Bartholin’s Cyst – What it is, Symptoms and Treatments

Bartholin’s Cyst – What it is, Symptoms and Antibiotic Treatments. Also, Bartholin’s Cyst or Bartholin’s glands (BAHR-toe-linz) are located on either side of the vaginal opening . These glands secrete fluids that help lubricate the vagina. Sometimes the openings of these glands become blocked, causing fluid to back up in the gland. The result is a relatively painless swelling called a Bartholin’s cyst . If the fluid inside the cyst becomes infected, you may develop a collection of pus surrounded by inflamed tissue (abscess).

Bartholin’s cyst or abscess is common. Bartholin ‘s cyst treatment depends on the size of the cyst, how painful the cyst is, and whether the cyst is infected. Sometimes home treatment is all you need. In other cases, surgical drainage of the Bartholin’s cyst is necessary. If an infection occurs, antibiotics may be helpful to treat the infected Bartholin’s cyst .

Causes of  Bartholin’s Cyst:  Experts believe that the cause of a Bartholin’s Cyst is a backup of fluid. Fluid can build up when the gland opening (duct) becomes blocked, perhaps caused by infection or injury. A Bartholin’s cyst can become infected, forming an abscess. A number of bacteria can cause the infection, including Escherichia coli (E. coli) and bacteria that cause sexually transmitted infections such as gonorrhea and chlamydia.

Bartholin  ‘s Cyst  Symptoms : If you have a smalluninfected Bartholin’s Cyst  , you may not notice it. If the cyst grows, you may feel a lump or mass near your vaginal opening . Although a cyst is usually painless, it can be mild. A complete infection of a Bartholin’s Cyst can occur in a matter of days. If the cyst becomes infected, you may experience:

  • A tender, painful lump near the vaginal opening
  • Discomfort when walking or sitting
  • Pain during intercourse
  • Fever

A Bartholin’s cyst or abscess typically occurs on just one side of the vaginal opening .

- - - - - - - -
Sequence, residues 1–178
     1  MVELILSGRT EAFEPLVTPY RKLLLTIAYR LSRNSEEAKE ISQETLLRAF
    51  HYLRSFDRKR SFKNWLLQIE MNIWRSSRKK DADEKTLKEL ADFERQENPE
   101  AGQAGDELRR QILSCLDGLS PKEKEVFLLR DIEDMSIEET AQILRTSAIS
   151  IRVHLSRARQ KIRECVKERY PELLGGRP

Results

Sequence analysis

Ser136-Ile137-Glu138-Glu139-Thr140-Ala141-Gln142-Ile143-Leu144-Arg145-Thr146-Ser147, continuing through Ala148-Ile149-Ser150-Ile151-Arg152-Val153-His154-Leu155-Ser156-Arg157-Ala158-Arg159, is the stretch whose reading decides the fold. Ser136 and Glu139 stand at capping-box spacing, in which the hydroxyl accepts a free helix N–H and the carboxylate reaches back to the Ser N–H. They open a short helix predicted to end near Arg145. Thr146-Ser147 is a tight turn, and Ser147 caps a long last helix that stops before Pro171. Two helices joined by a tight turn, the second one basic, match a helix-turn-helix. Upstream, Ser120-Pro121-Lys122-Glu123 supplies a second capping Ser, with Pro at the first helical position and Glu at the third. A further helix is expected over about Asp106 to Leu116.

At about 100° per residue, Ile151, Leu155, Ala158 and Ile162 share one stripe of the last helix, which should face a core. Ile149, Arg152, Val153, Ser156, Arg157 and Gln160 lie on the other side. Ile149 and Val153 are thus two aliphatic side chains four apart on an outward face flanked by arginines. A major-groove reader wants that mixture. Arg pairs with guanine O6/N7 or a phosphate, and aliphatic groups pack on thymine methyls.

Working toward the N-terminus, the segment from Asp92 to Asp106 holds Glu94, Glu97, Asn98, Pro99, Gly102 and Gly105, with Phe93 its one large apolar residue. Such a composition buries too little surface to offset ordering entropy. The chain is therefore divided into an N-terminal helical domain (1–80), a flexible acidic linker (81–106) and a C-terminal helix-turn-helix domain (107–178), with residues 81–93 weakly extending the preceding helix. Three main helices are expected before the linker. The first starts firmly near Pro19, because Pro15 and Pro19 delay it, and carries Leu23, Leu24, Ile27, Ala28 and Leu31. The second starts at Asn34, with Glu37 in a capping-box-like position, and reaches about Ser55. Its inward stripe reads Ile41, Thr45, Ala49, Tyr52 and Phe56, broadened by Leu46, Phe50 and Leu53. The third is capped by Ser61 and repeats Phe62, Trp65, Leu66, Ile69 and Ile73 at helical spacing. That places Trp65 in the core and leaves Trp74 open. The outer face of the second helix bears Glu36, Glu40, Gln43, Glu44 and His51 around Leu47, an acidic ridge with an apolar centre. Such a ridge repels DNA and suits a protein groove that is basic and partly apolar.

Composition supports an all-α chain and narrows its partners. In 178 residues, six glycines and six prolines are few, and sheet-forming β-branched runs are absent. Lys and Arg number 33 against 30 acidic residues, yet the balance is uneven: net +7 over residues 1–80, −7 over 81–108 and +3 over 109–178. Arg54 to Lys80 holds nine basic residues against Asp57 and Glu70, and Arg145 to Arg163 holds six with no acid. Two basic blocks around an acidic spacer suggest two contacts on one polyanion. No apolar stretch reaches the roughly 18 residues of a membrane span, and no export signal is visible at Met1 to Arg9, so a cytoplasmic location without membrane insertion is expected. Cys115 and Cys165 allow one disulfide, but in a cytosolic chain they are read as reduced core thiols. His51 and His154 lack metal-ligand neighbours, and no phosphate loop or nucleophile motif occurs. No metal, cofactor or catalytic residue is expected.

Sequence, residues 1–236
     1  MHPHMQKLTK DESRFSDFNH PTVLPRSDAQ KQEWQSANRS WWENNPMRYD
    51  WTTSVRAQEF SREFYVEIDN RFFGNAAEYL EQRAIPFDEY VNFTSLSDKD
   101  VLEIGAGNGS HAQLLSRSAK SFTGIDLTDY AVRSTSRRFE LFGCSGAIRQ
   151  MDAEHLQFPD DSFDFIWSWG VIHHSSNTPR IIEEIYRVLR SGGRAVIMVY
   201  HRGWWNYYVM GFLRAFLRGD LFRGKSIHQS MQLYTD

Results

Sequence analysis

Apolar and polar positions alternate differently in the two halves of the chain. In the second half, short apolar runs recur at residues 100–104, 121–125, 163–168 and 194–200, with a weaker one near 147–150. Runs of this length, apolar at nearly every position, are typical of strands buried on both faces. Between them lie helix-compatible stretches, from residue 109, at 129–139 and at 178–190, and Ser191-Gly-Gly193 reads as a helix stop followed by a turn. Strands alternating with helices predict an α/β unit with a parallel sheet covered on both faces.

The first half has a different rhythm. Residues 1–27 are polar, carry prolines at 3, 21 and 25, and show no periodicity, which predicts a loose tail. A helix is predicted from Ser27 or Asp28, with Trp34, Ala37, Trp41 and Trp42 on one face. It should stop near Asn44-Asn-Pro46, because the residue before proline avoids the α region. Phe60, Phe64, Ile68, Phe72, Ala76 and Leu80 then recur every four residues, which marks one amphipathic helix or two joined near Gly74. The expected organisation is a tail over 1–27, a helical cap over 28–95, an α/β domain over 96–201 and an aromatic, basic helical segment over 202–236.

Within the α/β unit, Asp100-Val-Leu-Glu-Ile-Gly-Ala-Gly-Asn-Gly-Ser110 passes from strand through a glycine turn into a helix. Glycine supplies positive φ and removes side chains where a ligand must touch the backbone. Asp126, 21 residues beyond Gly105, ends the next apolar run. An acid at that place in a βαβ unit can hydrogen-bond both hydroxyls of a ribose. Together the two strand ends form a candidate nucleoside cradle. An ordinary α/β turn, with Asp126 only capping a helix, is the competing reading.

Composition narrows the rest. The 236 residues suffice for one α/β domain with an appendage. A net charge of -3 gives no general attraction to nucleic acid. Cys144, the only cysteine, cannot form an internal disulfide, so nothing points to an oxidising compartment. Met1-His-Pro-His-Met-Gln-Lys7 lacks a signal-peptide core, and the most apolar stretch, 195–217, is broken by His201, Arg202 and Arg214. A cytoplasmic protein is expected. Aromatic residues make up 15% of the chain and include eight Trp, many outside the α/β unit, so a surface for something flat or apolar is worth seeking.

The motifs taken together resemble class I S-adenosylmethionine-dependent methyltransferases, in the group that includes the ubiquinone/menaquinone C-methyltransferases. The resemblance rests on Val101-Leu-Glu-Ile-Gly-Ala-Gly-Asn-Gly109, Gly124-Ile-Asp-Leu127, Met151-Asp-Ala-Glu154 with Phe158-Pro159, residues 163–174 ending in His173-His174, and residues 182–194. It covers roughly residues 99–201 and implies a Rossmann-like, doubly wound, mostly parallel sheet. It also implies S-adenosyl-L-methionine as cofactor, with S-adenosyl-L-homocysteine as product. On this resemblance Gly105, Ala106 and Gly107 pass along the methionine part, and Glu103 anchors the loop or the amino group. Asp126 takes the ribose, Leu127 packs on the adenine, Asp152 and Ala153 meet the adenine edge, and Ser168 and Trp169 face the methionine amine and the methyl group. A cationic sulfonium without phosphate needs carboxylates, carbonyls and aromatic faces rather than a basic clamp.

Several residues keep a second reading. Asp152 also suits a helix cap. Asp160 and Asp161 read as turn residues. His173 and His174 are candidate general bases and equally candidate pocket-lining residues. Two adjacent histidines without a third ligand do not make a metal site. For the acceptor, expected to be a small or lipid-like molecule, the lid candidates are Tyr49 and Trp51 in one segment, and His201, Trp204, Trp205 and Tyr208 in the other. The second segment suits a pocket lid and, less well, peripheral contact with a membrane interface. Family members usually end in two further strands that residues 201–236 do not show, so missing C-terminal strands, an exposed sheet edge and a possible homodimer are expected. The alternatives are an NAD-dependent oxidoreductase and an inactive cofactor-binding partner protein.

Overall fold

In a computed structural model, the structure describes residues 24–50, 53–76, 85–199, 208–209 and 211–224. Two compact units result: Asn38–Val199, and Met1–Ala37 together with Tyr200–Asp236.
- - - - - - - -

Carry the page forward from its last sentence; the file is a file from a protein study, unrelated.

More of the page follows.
When to See a Doctor:  Call your doctor if you have a painful lump near the opening of your vagina that doesn’t get better after two or three days of self-care – for example, soaking the area in warm water (sitz bath). If the pain is severe, make an appointment with your doctor right away. Also call your doctor promptly if you find a new lump near your vaginal opening  and you are over 40 years old. Although rare, such a lump can be a sign of a more serious problem, such as cancer.

Bartholin ‘s Cyst  Complications  A Bartholin’s cyst or abscess can recur and again require treatment.

Preparing for Your Appointment:  Your first appointment will likely be with your primary care provider or a doctor who specializes in conditions affecting women (gynecologist). To prepare for your appointment:

  • Write down your symptoms, including any that seem unrelated to your condition.
  • Make a list of any medications, vitamins, or supplements you take along with the dosages.
  • Take a notebook or notepad with you to jot down information during your visit.
  • Prepare questions to ask your doctor, listing the most important questions first to make sure you cover them.

For a Bartholin’s Cyst , some basic questions to ask include:

  • What is likely to cause my symptoms?